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Harvard COVID-19 researchers have partnered with Facebook to implement user location data in order to better inform disease forecasting models, according to an April 6 Facebook announcement.
Facebook’s Data for Good program, which offers a selection of de-identified user data to nonprofits, released a series of “Disease Prevention Maps” to researchers.
Both the maps and the data used to make the maps were shared with the COVID-19 Mobility Network, a collective of infectious disease epidemiologists at over a dozen universities, to analyze aspects of the disease.
The Harvard School of Public Health and affiliates at other Harvard graduate schools are listed as network partners on the program’s website.
The Disease Prevention Maps seek to provide new tools for visualizing probabilistic contact tracing — a common epidemiological practice for tracking the person-to-person spread of disease — and overall population movements. Some of the maps are also available online for public viewing.
Other released indicators include a “social connectedness index” to identify “friendships across states and countries” to forecast how the disease might spread next or to whom the infected might reach out for medical help.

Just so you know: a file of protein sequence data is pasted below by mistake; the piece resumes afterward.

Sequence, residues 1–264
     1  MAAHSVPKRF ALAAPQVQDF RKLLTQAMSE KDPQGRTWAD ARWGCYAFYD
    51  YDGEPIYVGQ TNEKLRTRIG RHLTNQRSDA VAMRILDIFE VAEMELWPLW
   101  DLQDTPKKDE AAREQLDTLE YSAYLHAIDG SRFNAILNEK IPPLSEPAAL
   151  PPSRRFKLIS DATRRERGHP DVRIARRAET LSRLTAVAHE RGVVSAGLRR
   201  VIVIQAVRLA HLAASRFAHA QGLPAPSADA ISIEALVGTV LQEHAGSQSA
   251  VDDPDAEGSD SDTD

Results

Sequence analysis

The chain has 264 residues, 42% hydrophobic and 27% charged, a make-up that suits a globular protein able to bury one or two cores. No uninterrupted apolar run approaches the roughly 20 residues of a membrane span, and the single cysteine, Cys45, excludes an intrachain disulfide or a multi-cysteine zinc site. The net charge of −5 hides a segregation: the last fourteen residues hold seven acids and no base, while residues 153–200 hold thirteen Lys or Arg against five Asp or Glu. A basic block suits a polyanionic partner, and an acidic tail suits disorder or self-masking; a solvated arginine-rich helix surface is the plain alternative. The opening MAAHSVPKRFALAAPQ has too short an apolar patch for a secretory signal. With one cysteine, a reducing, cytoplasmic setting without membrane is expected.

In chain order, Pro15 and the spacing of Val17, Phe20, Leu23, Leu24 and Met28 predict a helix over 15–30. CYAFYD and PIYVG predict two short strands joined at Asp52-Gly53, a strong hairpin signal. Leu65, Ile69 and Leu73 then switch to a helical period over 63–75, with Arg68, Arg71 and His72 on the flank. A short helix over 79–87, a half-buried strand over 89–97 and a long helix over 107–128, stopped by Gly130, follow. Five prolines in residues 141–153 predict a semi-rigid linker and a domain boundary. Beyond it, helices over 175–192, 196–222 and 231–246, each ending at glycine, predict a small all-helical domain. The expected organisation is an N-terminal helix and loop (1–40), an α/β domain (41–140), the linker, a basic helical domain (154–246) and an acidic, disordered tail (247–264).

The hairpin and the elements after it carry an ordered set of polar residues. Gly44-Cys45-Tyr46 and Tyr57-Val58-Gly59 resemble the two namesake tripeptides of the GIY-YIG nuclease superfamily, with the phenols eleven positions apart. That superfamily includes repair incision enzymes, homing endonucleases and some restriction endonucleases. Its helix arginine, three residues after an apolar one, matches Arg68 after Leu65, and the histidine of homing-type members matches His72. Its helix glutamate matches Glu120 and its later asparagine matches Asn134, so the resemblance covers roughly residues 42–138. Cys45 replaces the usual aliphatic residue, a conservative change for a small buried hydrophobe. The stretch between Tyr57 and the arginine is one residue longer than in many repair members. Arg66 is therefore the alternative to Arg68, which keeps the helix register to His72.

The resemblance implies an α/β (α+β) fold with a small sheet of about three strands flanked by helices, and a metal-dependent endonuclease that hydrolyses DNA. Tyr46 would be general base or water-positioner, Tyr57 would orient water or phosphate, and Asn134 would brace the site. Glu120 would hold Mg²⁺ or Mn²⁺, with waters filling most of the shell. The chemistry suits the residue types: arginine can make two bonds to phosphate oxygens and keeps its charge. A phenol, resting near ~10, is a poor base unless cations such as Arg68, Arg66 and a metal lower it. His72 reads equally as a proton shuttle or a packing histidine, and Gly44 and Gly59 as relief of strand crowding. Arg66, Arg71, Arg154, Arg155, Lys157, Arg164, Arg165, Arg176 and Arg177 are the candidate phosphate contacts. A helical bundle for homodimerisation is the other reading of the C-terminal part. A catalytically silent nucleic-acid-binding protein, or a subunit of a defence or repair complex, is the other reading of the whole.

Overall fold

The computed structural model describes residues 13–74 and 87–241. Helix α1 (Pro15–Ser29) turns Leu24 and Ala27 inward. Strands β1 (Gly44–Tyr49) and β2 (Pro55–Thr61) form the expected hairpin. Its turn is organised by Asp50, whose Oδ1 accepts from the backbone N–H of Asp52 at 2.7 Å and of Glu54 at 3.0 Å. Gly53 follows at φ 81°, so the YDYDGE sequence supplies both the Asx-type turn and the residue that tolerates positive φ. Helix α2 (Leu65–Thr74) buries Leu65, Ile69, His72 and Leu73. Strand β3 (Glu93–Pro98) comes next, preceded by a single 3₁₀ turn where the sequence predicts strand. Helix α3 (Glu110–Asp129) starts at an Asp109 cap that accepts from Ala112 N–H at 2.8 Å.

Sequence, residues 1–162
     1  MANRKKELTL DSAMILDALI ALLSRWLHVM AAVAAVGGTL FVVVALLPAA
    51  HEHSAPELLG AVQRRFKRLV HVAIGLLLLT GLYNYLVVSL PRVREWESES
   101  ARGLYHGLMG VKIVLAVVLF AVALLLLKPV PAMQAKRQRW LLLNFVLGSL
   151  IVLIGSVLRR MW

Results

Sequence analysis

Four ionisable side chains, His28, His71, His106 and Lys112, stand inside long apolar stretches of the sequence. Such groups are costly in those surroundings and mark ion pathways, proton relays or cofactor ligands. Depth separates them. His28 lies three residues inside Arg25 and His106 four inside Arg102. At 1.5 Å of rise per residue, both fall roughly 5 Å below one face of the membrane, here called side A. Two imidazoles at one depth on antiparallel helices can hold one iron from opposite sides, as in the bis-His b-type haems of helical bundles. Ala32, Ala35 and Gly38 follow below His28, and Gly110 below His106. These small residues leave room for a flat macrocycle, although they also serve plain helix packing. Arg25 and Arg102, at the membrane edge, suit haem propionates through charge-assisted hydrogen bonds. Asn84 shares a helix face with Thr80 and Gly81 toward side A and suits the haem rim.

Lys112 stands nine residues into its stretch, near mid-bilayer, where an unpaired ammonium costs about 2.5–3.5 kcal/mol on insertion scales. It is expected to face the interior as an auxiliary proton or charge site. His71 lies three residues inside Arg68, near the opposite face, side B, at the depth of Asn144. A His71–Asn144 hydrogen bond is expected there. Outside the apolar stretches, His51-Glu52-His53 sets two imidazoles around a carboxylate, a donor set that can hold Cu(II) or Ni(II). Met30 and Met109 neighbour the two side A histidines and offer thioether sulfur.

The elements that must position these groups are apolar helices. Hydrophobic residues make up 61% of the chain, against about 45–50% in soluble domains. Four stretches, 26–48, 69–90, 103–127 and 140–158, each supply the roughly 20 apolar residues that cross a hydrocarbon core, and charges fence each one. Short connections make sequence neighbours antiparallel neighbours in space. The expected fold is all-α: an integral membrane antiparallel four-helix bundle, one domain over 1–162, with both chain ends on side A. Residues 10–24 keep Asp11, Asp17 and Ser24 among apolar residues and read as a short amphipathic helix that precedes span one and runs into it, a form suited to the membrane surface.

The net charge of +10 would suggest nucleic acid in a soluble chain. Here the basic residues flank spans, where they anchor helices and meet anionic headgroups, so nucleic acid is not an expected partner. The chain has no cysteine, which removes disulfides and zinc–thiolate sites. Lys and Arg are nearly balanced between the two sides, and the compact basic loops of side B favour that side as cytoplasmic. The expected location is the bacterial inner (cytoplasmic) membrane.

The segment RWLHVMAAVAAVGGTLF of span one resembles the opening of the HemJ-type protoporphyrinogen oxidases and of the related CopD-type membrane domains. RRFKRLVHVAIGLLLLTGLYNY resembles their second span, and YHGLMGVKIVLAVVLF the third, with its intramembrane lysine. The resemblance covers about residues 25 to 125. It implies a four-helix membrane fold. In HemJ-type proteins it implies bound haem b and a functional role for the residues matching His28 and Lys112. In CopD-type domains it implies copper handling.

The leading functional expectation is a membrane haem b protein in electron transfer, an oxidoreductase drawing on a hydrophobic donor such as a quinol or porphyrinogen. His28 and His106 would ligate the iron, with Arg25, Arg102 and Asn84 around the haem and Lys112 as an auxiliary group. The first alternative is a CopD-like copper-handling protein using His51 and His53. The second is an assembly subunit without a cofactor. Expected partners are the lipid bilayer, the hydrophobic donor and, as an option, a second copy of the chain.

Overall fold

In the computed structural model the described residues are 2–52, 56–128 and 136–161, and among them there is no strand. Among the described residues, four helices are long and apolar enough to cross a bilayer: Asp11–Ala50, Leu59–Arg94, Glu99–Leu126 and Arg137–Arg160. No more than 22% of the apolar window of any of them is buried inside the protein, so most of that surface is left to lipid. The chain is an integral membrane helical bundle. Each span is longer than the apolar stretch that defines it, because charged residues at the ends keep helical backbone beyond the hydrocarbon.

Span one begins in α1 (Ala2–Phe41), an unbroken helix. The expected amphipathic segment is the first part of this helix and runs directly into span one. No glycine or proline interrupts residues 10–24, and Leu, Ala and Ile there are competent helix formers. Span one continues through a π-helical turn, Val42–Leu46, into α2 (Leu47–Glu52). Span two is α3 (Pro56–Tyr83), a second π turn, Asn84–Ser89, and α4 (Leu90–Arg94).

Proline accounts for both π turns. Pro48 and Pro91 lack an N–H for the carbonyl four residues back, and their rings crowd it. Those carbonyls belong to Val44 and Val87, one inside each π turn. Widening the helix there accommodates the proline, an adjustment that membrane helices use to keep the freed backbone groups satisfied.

“Mobility data from Facebook’s Data for Good program provides a near real-time view of important correlates of disease transmission,” Daniel J. Klein of the Institute for Disease Modeling said in the Facebook press release. “This data, in combination with other sources, allows us to make better models to inform public health decisions.”
School of Public Health Professor of Epidemiology Caroline O. Buckee emphasized the importance of timeliness when creating these models.
“Measuring the impact of social distancing policies is absolutely critical at this stage,” Buckee, who also co-leads the COVID-19 Mobility Network, said in the Facebook announcement. “Aggregated data of this kind provides insights that protect individual privacy but are actionable for policymakers and researchers building predictive models.”
Researchers across the country are using de-identified health and medical data to analyze COVID-19 characteristics.
On Thursday, the Broad Institute announced a consortium alongside Partners HealthCare, Biogen, and Boston hospitals to create a “COVID-19 biobank” of patient data to study coronavirus symptomology.
Eric S. Lander, the president and founding director of the Broad Institute, spoke about the benefits and importance of data collection in combating COVID-19 in a press release published on the institute’s website.
“Patients who have volunteered to donate data to accelerate the shared understanding of the disease play a crucial role in the global effort to overcome COVID-19,” he said. “Through a shared biobank, researchers will be able to identify new patterns and drastically expand our knowledge of a disease.”
—Staff writer Simon J. Levien can be reached at email@example.com. Follow him on Twitter @simonjlevien.
—Staff writer Austin W. Li can be reached at firstname.lastname@example.org. Follow him on Twitter @austinwli.
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